Che Lives

October 21, 2015

Home » Commentary » Che Lives

For months the Bolivian army, guided by the CIA, hunts Che Guevara before wounding and capturing the worn and emaciated revolutionary. He’s taken to a small, dirt-walled schoolhouse in a mountain village and his hands and feet are separately bound. That night, as asthmatic Che wheezes and writhes on the filthy floor, Bolivian officers and I talk to him informally, respecting his vow not to be interrogated. The following morning, returning to the schoolhouse, I open the door and hear an officer telling Che he’s come to execute him.

“I’d have killed you already.”

Drawing my pistol I charge inside and say, “Drop the rifle or you’re dead.”

“Sir,” says the officer, “our president has just ordered the execution.”

“That order was countermanded moments ago,” I say.

“By whom?”

“By the forces of international liberation.”

“Che has killed hundreds of Bolivians,” the officer says.

“Go ahead, I’m sick of this imperialist world,” he says.

“Then why’d you immediately announce you’re more valuable alive than dead?” the officer asks.

“That was reflexive.”

I turn to the officer. “Don’t worry, we guarantee the people of Bolivia that Che will never reenter your country or scheme with those who plan to.”

“You can’t possibly enforce such a thing. And for what?”

“We shall enforce our decree by sentencing Che to life in prison without parole,” I say.

“I’d rather die than suffer in a cage.”

“You, who sentenced so many to prison?” says the officer.

“The fortunate were executed.”

“Consider yourself luckier still,” I say. “We’ve prepared a clean cell and we’ll provide plenty of books.”

“I’ll escape.”

“From this place, I think not. Quit playing the eternally tough revolutionary. If you behave, we may consider conjugal and other visits.”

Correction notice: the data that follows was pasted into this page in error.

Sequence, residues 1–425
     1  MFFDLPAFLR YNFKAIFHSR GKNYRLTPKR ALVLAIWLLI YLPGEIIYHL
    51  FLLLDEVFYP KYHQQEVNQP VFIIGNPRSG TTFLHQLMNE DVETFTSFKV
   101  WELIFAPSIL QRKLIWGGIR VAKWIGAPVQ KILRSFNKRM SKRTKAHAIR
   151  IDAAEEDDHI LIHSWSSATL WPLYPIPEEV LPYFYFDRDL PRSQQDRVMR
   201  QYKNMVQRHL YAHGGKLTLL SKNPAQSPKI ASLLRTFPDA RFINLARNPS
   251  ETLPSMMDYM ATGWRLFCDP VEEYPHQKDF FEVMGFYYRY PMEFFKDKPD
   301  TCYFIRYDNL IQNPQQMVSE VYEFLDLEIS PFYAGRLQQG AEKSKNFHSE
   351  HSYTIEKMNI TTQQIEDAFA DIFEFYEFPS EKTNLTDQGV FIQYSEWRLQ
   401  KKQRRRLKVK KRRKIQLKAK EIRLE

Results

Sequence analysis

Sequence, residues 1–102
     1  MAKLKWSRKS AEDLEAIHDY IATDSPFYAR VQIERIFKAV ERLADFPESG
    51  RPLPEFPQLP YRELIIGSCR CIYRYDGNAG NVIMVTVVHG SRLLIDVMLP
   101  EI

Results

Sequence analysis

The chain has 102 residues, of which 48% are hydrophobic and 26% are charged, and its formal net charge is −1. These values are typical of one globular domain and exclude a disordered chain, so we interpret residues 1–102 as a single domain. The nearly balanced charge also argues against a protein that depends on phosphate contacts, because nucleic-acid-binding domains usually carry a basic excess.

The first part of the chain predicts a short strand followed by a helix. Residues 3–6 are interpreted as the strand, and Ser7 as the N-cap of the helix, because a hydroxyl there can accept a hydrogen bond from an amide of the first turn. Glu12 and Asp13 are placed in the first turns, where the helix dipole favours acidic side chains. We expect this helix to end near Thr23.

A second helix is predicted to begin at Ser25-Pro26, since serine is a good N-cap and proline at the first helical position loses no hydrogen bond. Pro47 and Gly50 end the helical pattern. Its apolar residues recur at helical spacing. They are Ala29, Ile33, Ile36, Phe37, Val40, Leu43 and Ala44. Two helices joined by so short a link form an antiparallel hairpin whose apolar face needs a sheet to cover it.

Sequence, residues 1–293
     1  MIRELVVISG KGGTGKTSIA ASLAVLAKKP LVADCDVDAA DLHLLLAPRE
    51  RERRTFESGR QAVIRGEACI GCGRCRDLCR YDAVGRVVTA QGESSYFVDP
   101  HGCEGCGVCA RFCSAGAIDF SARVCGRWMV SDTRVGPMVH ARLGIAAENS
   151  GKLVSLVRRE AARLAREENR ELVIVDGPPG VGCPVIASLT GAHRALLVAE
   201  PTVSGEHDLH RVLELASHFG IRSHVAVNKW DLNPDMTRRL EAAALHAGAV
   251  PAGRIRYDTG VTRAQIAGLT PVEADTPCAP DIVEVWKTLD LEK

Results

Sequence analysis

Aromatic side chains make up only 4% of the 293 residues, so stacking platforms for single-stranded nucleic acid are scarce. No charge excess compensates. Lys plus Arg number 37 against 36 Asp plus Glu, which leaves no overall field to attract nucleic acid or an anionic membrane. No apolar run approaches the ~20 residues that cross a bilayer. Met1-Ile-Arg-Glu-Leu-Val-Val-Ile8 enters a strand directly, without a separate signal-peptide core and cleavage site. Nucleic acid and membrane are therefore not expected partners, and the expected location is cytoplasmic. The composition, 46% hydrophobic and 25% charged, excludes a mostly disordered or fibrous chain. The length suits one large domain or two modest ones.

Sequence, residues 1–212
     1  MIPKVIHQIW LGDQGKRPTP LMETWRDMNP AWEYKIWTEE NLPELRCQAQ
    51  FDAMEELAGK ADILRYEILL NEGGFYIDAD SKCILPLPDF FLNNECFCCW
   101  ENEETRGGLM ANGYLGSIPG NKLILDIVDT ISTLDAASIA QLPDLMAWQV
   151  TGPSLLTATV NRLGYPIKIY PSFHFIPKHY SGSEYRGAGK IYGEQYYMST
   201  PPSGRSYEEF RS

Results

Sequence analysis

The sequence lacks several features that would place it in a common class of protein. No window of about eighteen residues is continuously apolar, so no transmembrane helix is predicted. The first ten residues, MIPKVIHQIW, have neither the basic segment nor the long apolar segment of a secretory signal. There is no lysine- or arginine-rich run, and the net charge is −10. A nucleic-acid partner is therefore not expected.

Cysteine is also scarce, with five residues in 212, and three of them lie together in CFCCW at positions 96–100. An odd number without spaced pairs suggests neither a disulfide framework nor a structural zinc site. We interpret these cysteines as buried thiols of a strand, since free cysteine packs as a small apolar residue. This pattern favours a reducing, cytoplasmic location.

“I can’t allow this,” says the officer.

Raising my pistol I fire a tranquilizer into his stomach, and he falls, asleep, onto the floor. Outside, his comrades have been similarly subdued by my elite squad. Che and I and four agents enter a piloted helicopter soon in flight. Our prisoner’s hands are bound by his belt, and I don’t want to risk damaging his physical means of aesthetic expression so decide to free him. Che massages his wrists and when ordered to sit in the rear of the helicopter he lunges at my gun. He’s quite weak and I easily administer an arm bar and nod as two agents fire tranquilizers into his buttocks.

“That’s enough,” I say. “Once he’s still, open his eyes a bit, something heavenly, and take some photos. We’ll publish the best ones.”

We have a pleasant flight to a secret airstrip carved out of tropical forest, and there our crew thank the pilot and carry still groggy Che into a waiting airplane rapidly in flight. As we near the next airstrip our awakened prisoner says, “Imperialist cowards steal the sweat and blood of the developing world.”

Ordinarily I’d listen but, focused on completing the mission, I simply reach for my holster, aim, and fire, sending Che into repose. This technique I use a few more times, in a similar number of other aircrafts and finally in an armored car that takes Che to cell, a separate concrete block in the yard of a high security facility.

The commandant, who must remain anonymous, marched to me, shook my hand, and said, “Well done.”

George Thomas Clark

George Thomas Clark is the author of Hitler Here, a biographical novel published in India and the Czech Republic as well as the United States. His commentaries for are read in more than 50 countries a month.

Recent Commentary


HITLER HERE is a well researched and lyrically written biographical novel offering first-person stories by the Fuehrer and a variety of other characters. This intimate approach invites the reader to peer into Hitler’s mind, talk to Eva Braun, joust with Goering, Goebbels, and Himmler, debate with the generals, fight on land and at sea and…
See More
Art history and fiction merge to reveal the lives and emotions of great painters Vincent van Gogh, Pablo Picasso, Frida Kahlo, Diego Rivera, William H. Johnson, Lee Krasner, and many others.